God is One in the New Testament

By Anthony Buzzard

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How can one possibly miss the New Testament confirmation of the unique status of God as one Person? A well-known investigation into the Trinity reports: “The Jews believed in one God whom they called the Father…For an understanding of the growth of the doctrine of the Trinity the title ‘Father’ is of special importance, because in the Trinity one of the Persons is God the Father.”[1] Arthur Wainwright then presents the following New Testament texts to show “how New Testament writers expressed their belief in the unity of God and described Him as Father.”[2] This last statement would appear to be a practical admission that the New Testament writers were unitarians! What do you as a reader make of these statements?

Jesus:

“Why do you call me good? None is good except one, namely God” (Mark 10:18).
“The Lord our God is one Lord” (Mark 12:29).
“Call no man your father on earth; for one is your Father, who is in heaven” (Matt. 23:9).
“And the glory which comes from the only God you do not seek” (John 5:44).
“And this is eternal life: that they should know you, the only true God, and him whom you sent, Jesus Christ” (John 17:3).

Paul:

“…if so be that God is one. We know that no idol is anything in the world, and that there is no God but one…Yet to us there is one God, the Father” (1 Cor. 8:4-6).
“For God is one and will justify the circumcised on the basis of faith and the uncircumcised through faith” (Rom. 3:30).
“Now a mediator is not a mediator of one; but God is one” (Gal. 3:20). “God is only one Person.”[3] “One God and Father of all” (Eph. 4:6).
“Now to the King, eternal, incorruptible, invisible, the only God, be honor and glory forever and ever” (1 Tim. 1:17).
“For there is one God and one mediator between God and men, the man Messiah Jesus” (1 Tim. 2:5).

James and Jude:

“You believe that God is one; you do well” (James 2:19).
“One is the lawgiver and judge, who is able to save and destroy” (James 4:12).
“To the only God our Savior, through Jesus Christ our Lord, be glory, majesty, dominion and power, before all time and now and forever” (Jude 25).

God is explicitly distinguished from Jesus Christ

“God” is here the Father, as is true some 1317 times in the New Testament. God is explicitly distinguished from Jesus Christ. Wainwright comments on the list of texts above: “The evidence shows that God was regarded as one; and the one God was believed to be the Father of the Lord Jesus Christ. Statements of this nature hardly seem to provide fruitful ground for the growth of a doctrine of the Trinity.” He then says that “if they are taken in connection with other statements in which the divinity of Christ is affirmed or implied, they lead immediately to the Trinitarian problem.”[4]

Wainwright is right about the Trinitarian “problem.” The problem does not arise however until the unitarian texts above are rejected. As to statements about Jesus’ supposed “divinity,” none of them challenges the statements about the Father being the only God. If they did challenge those unitarian statements they would contradict them. This in turn would lead to the conclusion that the New Testament contradicts itself in its definition of God. This I do not accept. And Jesus, the Jew and founder of our faith, as well as his chosen Apostles, knew who God was.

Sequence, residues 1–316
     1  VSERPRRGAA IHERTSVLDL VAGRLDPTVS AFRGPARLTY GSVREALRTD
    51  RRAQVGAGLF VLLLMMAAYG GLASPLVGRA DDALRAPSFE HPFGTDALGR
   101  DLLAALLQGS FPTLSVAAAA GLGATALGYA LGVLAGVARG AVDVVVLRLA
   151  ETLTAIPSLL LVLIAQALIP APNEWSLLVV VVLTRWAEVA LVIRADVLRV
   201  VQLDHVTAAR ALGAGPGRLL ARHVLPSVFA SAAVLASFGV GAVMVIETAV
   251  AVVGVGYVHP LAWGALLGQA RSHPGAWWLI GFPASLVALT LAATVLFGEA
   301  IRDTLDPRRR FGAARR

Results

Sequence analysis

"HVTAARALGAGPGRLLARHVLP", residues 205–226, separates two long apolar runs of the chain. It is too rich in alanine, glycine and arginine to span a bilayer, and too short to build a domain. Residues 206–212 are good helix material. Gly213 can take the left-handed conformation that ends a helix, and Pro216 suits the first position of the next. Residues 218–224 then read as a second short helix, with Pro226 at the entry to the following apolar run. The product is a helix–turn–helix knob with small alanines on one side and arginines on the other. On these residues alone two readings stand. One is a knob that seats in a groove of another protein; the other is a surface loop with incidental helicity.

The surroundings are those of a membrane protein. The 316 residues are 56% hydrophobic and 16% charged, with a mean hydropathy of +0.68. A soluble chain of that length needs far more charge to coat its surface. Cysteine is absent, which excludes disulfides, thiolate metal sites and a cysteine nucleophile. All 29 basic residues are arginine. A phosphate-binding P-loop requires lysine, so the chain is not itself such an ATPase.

Once the New Testament unitarian texts are accepted for what they plainly say (in harmony with the whole of the Old Testament and with Jesus in Mark 12:28-34), the verses describing the so-called “divinity” of Jesus can easily be explained as descriptions of Jesus as the man Messiah, in whom the One God was uniquely active through His spirit, and who was exalted to the supreme position assigned to him by God the Father, as predicted in Psalm 110:1. Jesus in the New Testament is seen as the unique agent and reflection of the One God. His “equality” with his Father does not make him God. He is still the man Messiah. The truth then emerges that there is indeed still “one God,” but He has next to Him now “one mediator, the man Messiah Jesus,” as 1 Timothy 2:5 says so lucidly and simply.

Buzzard, Anthony (2007). A Simple Creed. In, Jesus Was Not a Trinitarian (pp. 48-50). Restoration Fellowship.

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[1] The Trinity in the New Testament, SPCK, 1980, 41.

[2] Ibid., 41, 42.

[3] Amplified Version.

[4] The Trinity in the New Testament, 42.

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2018-12-29T08:42:31+00:00

About the Author:

Anthony Buzzard
Sir Anthony Buzzard was born in Surrey, England and educated at Oxford University and later at Bethany Theological Seminary. He holds master degrees in theology and modern languages, Hon. Ph.D. Sir Anthony F. Buzzard is one of the most persuasive and energetic voices of our day calling for Christians to pursue reformation and restoration in our time. He is the author of numerous books including: Jesus Was Not a Trinitarian: A Call to Return to the Creed of Jesus; and The Doctrine of the Trinity: Christianity's Self-Inflicted Wound. Anthony is the author of many theological articles and papers. He is the editor of Focus on the Kingdom and was co-editor of A Journal from the Radical Reformation. Retiring after 24 years on the staff of Atlanta Bible College, he continues to write, teach and travel, fulfilling a life-long desire to make the best of Bible scholarship available to the wider church-going public.